Originally uploaded by alexandra666.
I made this map after thinking about the state of the act of “making” something. In my former life, I used to be an industrial designer, then dove into installation design and then interaction design and now information architecture. That roller coaster didn’t mean that I never look back. I still enjoy building things with my hands as a professional so I thought I’d map out what that meant in 2006.
What has surprised me most and what I tried to capture here was the way that the act of making something in a professional sense (which is perhaps why I did not include craft here, you’ll have to forgive me) can now take place in so many different ways (in yellow type), using different tools (in black) and attracting different types of designers (in pink) who train and learn in very different environments (in white).
I obviously didn’t map out everything, I’d never finish it otherwise. The names I used are people, companies and institutions that jumped up at me when I sat down at a café to map this out last week. I see them as examples and not necessarily the end all and be all.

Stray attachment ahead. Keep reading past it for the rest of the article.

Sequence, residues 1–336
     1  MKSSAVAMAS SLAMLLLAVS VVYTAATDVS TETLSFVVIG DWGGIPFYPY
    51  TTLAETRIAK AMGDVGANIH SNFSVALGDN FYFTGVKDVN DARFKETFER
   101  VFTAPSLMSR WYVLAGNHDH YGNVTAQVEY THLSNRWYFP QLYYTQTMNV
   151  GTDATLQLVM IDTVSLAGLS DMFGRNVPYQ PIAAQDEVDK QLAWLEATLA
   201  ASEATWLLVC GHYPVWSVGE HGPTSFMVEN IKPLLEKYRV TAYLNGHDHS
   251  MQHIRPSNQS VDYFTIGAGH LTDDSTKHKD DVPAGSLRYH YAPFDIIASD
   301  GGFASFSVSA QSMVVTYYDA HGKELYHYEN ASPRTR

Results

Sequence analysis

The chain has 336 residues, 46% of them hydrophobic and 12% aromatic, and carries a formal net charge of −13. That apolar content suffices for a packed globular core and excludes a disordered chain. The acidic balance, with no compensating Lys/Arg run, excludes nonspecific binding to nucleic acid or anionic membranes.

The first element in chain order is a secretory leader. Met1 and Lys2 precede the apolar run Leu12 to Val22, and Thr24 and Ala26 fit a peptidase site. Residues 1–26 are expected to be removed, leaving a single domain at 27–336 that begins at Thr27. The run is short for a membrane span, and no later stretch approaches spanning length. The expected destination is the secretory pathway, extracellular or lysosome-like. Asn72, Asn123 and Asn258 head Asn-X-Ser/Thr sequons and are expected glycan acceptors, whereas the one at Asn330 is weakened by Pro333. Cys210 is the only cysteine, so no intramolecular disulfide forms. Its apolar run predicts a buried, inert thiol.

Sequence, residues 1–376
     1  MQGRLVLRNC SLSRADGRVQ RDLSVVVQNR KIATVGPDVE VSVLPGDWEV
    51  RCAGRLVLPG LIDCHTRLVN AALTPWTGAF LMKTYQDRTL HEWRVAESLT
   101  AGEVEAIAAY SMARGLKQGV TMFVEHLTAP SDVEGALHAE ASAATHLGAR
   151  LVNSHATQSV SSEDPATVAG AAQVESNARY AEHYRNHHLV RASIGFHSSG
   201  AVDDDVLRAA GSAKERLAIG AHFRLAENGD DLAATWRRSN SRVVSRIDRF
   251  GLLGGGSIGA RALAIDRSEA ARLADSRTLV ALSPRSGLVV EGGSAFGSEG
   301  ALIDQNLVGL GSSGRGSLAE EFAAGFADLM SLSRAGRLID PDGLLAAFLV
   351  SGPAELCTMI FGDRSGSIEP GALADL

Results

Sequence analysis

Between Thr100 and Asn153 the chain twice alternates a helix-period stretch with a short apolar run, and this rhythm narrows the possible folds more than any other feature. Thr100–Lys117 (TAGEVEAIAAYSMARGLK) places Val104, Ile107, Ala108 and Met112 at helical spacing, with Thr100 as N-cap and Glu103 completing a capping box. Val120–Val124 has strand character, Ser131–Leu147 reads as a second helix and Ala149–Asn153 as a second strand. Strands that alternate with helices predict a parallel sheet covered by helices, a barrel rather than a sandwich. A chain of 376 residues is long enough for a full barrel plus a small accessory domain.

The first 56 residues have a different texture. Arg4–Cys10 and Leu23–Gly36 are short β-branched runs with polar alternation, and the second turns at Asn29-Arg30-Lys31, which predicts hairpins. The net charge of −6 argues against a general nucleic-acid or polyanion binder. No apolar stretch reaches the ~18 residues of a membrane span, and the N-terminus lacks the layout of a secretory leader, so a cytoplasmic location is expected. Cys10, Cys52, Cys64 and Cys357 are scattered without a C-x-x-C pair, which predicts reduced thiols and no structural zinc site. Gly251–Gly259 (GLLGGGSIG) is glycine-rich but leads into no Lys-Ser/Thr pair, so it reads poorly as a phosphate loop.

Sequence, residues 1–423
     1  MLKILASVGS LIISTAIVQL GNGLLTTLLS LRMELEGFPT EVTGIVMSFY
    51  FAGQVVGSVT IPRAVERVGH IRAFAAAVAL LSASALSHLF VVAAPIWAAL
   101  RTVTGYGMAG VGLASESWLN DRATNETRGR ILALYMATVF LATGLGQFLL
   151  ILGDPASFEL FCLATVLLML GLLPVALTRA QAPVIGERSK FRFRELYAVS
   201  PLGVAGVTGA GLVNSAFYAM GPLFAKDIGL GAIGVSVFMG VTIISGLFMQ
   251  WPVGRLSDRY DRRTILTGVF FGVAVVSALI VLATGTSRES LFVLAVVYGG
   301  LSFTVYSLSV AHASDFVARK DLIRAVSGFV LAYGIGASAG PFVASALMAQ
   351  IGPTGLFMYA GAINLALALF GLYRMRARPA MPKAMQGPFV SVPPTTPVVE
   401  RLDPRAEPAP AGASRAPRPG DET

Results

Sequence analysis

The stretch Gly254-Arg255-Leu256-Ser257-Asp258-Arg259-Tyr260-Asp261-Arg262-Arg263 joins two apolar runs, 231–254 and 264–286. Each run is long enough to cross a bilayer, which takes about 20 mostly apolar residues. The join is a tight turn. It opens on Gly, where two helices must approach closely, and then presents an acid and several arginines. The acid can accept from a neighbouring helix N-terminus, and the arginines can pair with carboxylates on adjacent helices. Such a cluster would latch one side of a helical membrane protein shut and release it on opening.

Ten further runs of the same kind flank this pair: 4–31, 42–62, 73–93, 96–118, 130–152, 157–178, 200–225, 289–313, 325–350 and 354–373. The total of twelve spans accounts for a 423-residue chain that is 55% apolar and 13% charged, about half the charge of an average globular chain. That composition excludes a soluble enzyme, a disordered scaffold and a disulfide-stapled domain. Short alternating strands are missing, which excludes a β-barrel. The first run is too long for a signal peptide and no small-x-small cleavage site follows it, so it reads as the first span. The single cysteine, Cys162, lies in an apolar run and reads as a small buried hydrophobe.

What seemed obvious to me doing this was that our mental model of “making a product” is slowly shifting, away from ourselves and our hands.
One only has to look at Matt’s work in Second Life to see him “making something” that doesn’t actually come out of his avatar’s hands, but instead materializes itself out of nowhere. Karim Rashid’s work is also reminiscent of that lack of relationship as most of his collections are never prototyped and go directly into manufacture without prior modeling or physical appreciation.
Then there is what i am calling the “democratization of product design” with the world of hackers taking over existing objects and playing around with their suggested functions and forms with platforms like Arduino.
If the web2.0 has it’s “old and dirty media” as Ze Frank puts it, I guess in product design it’s the classic product design schools puking out CAD drawers every minute.
I myself went to one of the few north american conceptual undergrad program and did not concentrate on learning the latest CAD tools. So many of the colleagues I have met however, told me it was a core part of their curriculum. A woman I met recently, working for an extremely prominent firm, confessed to me that although she knew such programs, she told her colleagues that she “wasn’t that great” so that they’d put her on more interesting and strategic tasks.
Ignorance is bliss in this case.
All in all I’m sure some of you will find gaps in this map so if anything, I hope it sparks debate :)